The Coronavirus is now mutating faster than before says the Indian Institute of Science (IISc) scientists, who conducted a study on samples from consenting patients in Bengaluru. According to the team led by prof Utpal Tatu of the Department of Biochemistry, the three Bengaluru isolates had 27 mutations in their genomes with more than 11 mutations per sample — more than both the national average (8.4) and the global average (7.3).
Their recent study has identified multiple mutations and unique proteins in isolates of SARS-CoV-2 and also shown that the hosts (humans) produce several proteins of their own as their bodies launch an immunological defence in response to the viral attack.
“To better understand how the virus is mutating and its protein biology (proteins are made using genetic information), the team carried out a comprehensive “proteo-genomic” investigation – a series of analyses of SARS-CoV-2 isolates. The isolates or viral samples were recovered from nasal secretions of consenting Covid-19 positive individuals in Bengaluru,” IISc said in a statement.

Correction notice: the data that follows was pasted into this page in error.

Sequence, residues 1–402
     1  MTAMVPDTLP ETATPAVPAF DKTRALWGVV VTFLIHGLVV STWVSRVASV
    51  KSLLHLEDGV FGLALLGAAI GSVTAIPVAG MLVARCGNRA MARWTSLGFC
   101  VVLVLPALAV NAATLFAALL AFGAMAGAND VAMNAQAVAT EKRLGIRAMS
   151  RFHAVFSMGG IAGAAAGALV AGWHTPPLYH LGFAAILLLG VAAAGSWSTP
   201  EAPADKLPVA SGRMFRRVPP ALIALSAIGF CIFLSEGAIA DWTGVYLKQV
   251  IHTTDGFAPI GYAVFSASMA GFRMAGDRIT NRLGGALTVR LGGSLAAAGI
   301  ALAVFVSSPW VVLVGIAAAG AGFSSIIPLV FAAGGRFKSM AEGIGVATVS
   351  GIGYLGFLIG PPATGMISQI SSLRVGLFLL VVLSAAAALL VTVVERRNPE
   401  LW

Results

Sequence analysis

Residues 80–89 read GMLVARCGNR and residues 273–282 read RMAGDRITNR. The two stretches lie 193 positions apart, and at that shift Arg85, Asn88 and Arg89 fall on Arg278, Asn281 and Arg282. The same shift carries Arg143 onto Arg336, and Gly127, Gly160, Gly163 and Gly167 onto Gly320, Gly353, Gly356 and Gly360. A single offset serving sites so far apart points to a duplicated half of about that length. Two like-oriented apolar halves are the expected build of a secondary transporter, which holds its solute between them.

Proteo-genomics is a field of biological research that utilises a combination of proteomics (large-scale study of proteins), genomics and transcriptomics (the study of RNA) to aid in the discovery and identification of peptides (a string of amino acids).
To understand the spread and evolutionary history of the virus, the team constructed a global phylogenetic (evolutionary development & diversification) tree, or a tree of relatedness, of viral isolates using the sequence data. The phylogenetic analysis found that the Bengaluru isolates are most closely related to the one from Bangladesh. . It also showed that the isolates in India have multiple origins rather than having evolved from a single ancestral variant.